Reporting season has seen some ripples across the healthcare sector on the S&P/ASX 200.
Here’s a quick check-up on three well-known health stocks below.
Sigma Healthcare Ltd (ASX: SIG)
Shares in wholesale and distribution pharmaceutical company Sigma Healthcare are back in the black today – up 5% to 56c per share at the time of writing – after landing at the top of the S&P/ASX 200 fallers list yesterday.
Sigma’s shares plunged off the back of the release of its half-year results, with the report showing underlying NPAT was down 31.2% to $19.9 million, EBITDA fell 32.6% and revenue was down 2%.
But it’s not all doom and gloom for Sigma, which may be why the market has rallied back behind the stock today.
Sigma is on track to meet its FY19 EBIT guidance of $75 million, with its first-half performance hit most hard by a decline in demand for its Hepatitis C medication, with PBS pricing adding an extra sting.
A stronger second half is expected with the company reporting on its cost savings, but no doubt the loss of the Chemist Warehouse supply agreement will weigh as Sigma progresses through FY19 with the agreement in place currently due to cease on June 30, 2019.
While yesterday’s drop in price might have tempted some to buy in, a better option in the industry right now might be Australian Pharmaceutical Industries Ltd (ASX: API).
Australian Pharma will hand down its interim report next month with investors no doubt keen to get an update on its performance.
Ramsay Health Care Limited Fully Paid Ord. Shrs (ASX: RHC)
Global hospital group Ramsay Health Care Limited shares have been on a gradual decline in the last 12 months to sit at $53.94 at the time of writing – down 0.5%.
Ramsay yesterday announced its French subsidiary has lodged an offer with the Swedish Financial Supervisory Authority for its SEK48.5 cash per share takeover offer for Capipo AB – with the acceptance period expiring in late October.
Ramsay could do with this boost to its European operations, all going well, but its FY19 profit guidance of up to 2% growth will likely do little to enthuse investors who were accustomed to its previous track record of double-digit growth.
However, Ramsay does have a good foothold in the market to provide services to our ageing population and, in the long term, this will likely make its operations even more attractive across several global markets.
But for now, sentiment is still a bit low for the stock and punters are no doubt seeking more solid growth to pin their hopes on in the short to medium term.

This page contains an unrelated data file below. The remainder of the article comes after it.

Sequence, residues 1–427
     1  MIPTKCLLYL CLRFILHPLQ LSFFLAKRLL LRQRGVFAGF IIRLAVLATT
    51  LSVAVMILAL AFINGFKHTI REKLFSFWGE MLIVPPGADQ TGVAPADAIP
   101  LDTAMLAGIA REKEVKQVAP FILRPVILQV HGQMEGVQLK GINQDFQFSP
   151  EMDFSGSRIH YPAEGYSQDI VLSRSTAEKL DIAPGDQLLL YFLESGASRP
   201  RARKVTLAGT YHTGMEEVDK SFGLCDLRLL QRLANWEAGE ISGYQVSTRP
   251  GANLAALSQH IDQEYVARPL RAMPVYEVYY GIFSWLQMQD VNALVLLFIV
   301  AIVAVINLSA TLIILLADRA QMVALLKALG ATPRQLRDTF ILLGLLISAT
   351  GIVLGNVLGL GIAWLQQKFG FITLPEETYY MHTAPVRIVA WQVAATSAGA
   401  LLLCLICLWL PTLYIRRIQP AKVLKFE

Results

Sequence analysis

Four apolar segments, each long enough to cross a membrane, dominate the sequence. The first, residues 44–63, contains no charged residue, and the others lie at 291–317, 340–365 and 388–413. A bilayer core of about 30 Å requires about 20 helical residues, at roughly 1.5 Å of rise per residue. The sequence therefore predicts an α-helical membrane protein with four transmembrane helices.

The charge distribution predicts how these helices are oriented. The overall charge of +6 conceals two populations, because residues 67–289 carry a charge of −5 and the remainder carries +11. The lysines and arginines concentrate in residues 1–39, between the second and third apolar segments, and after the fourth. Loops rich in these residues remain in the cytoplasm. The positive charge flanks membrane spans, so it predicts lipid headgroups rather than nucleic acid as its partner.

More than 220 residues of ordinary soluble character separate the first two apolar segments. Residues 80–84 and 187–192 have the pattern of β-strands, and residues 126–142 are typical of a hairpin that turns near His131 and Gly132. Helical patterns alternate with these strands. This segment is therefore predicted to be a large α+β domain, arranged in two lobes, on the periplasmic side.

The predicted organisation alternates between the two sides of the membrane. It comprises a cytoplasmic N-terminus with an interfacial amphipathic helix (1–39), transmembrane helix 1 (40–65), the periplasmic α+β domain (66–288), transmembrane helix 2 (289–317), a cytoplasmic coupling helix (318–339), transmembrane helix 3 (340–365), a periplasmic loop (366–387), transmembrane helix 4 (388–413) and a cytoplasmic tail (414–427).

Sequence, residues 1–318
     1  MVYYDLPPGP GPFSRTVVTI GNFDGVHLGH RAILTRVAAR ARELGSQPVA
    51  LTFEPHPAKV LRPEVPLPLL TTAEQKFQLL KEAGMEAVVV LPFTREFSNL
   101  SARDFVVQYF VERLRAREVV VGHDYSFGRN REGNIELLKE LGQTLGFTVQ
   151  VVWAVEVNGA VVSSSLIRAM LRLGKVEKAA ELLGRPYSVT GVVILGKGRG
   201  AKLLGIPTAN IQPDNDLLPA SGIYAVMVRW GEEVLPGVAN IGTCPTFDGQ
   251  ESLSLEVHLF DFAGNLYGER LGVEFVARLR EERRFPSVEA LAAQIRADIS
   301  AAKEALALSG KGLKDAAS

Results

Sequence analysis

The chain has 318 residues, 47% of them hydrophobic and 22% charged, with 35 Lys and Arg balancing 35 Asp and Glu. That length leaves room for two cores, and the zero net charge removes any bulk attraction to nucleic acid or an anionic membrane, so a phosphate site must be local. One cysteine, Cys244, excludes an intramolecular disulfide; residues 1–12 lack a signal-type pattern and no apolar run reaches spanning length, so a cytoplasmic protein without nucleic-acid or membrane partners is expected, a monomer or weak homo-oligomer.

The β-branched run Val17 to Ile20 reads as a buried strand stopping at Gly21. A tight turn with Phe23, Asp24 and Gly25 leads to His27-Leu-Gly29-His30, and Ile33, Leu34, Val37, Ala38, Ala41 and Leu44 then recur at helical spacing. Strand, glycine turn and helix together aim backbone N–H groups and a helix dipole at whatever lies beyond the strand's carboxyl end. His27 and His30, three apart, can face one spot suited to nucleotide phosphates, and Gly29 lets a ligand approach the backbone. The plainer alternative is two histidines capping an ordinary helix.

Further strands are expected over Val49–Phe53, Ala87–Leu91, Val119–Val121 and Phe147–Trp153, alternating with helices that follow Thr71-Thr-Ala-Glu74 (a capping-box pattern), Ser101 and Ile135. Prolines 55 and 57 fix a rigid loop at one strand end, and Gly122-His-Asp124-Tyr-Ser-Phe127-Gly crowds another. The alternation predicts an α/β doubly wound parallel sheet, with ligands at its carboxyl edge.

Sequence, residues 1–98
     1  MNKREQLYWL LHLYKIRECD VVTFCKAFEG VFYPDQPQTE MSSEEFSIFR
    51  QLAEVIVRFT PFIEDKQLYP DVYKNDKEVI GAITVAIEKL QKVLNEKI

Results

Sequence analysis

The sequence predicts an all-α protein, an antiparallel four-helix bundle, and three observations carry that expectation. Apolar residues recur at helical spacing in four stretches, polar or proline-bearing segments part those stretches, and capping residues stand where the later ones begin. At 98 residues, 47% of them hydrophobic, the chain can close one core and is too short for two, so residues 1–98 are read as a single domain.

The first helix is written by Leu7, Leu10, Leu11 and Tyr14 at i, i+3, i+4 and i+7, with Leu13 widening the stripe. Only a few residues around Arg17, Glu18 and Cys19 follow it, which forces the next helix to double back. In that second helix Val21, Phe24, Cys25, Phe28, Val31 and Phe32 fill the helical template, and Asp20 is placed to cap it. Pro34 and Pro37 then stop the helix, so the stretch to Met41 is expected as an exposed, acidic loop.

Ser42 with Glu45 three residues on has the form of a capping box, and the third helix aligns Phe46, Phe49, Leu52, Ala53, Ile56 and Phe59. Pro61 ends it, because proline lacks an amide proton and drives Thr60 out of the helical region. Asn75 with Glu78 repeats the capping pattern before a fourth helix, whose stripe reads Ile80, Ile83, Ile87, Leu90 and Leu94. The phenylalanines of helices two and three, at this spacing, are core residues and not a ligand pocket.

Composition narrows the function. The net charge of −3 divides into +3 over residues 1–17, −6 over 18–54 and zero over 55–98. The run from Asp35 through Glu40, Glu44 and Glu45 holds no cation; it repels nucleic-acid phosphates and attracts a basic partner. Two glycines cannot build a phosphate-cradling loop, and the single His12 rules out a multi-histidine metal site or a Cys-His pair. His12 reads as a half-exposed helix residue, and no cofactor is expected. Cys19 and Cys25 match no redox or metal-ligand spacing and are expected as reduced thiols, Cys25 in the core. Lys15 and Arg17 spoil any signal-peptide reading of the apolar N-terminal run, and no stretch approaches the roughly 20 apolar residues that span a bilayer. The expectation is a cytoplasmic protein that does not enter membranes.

Nanosonics Ltd (ASX: NAN)
This infection control company is still hanging about in small cap territory or thereabouts, but it’s hard to see its future as anything other than bright given its niche market positioning and potential for growth.
But investors were recently spooked by softer-than-expected results out of Nanosonics, with FY18 profit after tax dropping 79% on FY17, total sales down 10% and an uptick in operating expenses from $37 million to $42.6 million.
But with Nanosonics in a growth phase, some reduction in profits was likely, although it makes sense that the market would have liked to see better revenue figures out of its North American market- which was down to $54.4 million for FY18 from $62.3 million in FY17.
Global interest in Nanosonics’ Trophon product is on the up, with take up growing in Europe, the Middle East and Africa, and this is the type of growth pipeline investors willing to hold will be searching for to translate into future gains.
But the company is still a speculative pick for now, and if you’re not keen on taking such risks, it might be best left alone, with Pro Medicus Limited (ASX: PME) perhaps worth doing some study on as an alternative.
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Carin Pickworth has no position in any of the stocks mentioned. The Motley Fool Australia's parent company Motley Fool Holdings Inc. recommends Pro Medicus Ltd. The Motley Fool Australia owns shares of and has recommended Nanosonics Limited and Pro Medicus Ltd. The Motley Fool Australia has recommended Ramsay Health Care Limited. We Fools may not all hold the same opinions, but we all believe that considering a diverse range of insights makes us better investors. The Motley Fool has a disclosure policy. This article contains general investment advice only (under AFSL 400691). Authorised by Scott Phillips.